Among the increasing use of lasers in various fields, decontamination operations after a terror attack might be the latest addition.
Funded by the U.S. Department of Homeland Security’s Science and Technology Directorate (S&T), chemists at Idaho National Lab (INL) are researching ways to help the nation clean up after potential chemical attacks.
In a series of tests still underway at the Army’s Aberdeen Proving Ground, INL researchers have been using ultraviolet-wavelength lasers to scrub surfaces clean of sulphur mustard gas and VX (a nerve agent) that may remain after terror attacks.
The tests have proved successful so far, even on complex, porous surfaces like concrete.
According to Donald Bansleben, programme manager in S&T’s Chemical and Biological Division, lasers could one day play a big role.
“Lasers could help to scrub chemical-contaminated buildings clean and become a tool in the toolbox to speed a facility’s return to normal operations.”
Cleaning up chemical-contaminated structures can be difficult, costly, and time-consuming.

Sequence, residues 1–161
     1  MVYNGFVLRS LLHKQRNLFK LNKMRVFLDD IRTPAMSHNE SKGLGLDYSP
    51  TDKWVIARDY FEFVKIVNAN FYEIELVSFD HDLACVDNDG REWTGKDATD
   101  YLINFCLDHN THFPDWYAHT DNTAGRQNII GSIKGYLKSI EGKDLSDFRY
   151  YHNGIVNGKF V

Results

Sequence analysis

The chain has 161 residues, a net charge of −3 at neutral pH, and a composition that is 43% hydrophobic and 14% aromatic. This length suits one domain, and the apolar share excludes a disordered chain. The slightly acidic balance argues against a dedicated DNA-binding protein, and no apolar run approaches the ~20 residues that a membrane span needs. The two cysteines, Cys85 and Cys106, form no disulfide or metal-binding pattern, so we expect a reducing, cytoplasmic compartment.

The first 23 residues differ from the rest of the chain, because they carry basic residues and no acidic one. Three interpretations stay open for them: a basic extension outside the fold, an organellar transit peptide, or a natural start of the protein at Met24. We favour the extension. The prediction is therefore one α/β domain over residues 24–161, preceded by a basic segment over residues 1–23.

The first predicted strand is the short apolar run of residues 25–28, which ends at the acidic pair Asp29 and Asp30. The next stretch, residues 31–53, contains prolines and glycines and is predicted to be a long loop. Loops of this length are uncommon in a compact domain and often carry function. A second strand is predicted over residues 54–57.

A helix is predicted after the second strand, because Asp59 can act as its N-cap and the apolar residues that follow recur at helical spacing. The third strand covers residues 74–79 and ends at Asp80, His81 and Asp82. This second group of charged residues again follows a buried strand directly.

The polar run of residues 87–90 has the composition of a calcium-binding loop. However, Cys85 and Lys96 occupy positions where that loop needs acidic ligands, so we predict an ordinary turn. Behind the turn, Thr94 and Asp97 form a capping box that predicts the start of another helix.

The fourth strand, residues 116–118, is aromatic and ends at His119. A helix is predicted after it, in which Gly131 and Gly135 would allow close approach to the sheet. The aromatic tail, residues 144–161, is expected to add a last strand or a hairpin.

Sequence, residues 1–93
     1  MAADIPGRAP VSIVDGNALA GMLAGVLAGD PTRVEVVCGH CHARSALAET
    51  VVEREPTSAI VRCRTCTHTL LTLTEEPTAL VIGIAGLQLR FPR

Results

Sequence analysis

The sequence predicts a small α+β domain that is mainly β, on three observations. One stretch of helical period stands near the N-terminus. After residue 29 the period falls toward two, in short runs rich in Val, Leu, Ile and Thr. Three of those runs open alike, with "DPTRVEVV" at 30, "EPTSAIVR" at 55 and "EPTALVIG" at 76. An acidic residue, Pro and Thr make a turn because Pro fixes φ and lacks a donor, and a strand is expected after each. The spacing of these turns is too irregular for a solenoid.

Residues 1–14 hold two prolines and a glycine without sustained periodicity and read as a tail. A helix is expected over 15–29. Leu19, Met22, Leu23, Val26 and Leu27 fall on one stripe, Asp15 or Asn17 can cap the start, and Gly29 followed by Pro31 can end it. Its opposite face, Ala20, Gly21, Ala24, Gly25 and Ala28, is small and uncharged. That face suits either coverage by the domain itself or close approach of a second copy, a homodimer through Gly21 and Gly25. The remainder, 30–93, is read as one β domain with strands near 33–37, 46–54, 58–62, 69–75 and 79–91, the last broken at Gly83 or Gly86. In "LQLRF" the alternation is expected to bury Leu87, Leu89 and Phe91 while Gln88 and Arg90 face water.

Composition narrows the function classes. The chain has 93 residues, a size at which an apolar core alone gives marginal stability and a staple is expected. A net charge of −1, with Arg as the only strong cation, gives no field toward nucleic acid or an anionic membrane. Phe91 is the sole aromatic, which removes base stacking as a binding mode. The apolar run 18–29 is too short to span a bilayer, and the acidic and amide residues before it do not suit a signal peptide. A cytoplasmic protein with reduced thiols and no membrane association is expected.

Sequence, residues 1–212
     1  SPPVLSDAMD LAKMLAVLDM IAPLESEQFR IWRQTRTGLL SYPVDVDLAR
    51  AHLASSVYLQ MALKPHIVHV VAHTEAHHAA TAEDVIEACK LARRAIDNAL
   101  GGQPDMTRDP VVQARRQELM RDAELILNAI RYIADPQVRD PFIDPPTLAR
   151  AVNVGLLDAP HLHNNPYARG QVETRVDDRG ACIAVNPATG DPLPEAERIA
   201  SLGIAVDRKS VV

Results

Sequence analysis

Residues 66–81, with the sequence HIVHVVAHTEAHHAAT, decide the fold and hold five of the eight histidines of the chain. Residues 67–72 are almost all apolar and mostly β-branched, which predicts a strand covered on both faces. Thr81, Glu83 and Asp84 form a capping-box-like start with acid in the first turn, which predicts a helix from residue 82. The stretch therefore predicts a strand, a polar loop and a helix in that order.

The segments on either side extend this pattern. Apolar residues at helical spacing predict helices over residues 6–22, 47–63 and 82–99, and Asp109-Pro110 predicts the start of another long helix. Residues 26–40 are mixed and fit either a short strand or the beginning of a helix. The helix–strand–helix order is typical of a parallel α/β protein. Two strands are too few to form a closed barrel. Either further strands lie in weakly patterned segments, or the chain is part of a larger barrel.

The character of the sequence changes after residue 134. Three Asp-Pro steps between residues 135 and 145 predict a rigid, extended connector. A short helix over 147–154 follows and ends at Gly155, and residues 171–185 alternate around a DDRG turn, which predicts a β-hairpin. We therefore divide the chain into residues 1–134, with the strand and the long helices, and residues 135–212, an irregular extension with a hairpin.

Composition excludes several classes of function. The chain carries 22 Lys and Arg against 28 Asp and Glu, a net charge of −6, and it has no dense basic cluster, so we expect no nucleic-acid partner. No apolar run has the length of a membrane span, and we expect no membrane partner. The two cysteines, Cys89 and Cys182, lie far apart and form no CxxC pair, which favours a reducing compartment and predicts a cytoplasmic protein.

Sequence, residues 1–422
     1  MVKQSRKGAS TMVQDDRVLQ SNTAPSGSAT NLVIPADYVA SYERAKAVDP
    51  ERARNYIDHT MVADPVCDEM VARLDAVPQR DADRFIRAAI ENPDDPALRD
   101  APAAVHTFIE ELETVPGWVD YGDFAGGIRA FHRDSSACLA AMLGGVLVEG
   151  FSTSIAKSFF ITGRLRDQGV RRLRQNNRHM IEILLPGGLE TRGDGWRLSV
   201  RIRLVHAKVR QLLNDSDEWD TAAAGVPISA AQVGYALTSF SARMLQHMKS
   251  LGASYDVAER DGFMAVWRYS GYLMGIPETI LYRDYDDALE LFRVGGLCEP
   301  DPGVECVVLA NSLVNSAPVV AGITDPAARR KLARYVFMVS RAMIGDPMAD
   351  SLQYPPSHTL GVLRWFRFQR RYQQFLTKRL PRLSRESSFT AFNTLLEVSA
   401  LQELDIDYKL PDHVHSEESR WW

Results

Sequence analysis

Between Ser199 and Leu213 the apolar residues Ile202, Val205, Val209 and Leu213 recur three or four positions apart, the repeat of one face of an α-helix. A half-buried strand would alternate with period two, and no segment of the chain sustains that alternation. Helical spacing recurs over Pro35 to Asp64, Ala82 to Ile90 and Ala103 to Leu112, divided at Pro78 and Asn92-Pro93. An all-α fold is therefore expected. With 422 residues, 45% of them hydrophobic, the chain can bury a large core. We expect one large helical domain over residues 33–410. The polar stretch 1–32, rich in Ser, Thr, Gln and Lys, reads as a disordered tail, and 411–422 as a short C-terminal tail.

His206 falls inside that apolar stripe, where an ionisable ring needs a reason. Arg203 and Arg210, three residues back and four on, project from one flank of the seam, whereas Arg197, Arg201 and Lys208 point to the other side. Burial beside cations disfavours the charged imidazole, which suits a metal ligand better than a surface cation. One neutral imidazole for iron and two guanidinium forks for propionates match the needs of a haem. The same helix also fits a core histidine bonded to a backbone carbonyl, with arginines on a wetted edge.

For one thing, most preferred methods employ other chemicals, like bleach solutions, which can be corrosive and aggressive.
Many building materials — like cement and brick — are extremely porous and getting contaminants off such surfaces is difficult, as contaminants will seep into cracks and pores.
Just as contaminants might get into those cracks and pores, water too can penetrate. That is where lasers come in.
Laser pulses can flash that water into steam, carrying the contaminants back to the surface for removal by chelation or other means. “It’s a kind of laser steam-cleaning,” says INL chemist Bob Fox.
Fox and his team are adapting an established technology. Lasers have been used in cleanup capacities for more than a decade, says an S&T release.
Dentists employ them to kill periodontal bacteria and quash mouth infections. Doctors use them to remove tattoos. And lasers have recently become a common tool to restore precious artwork.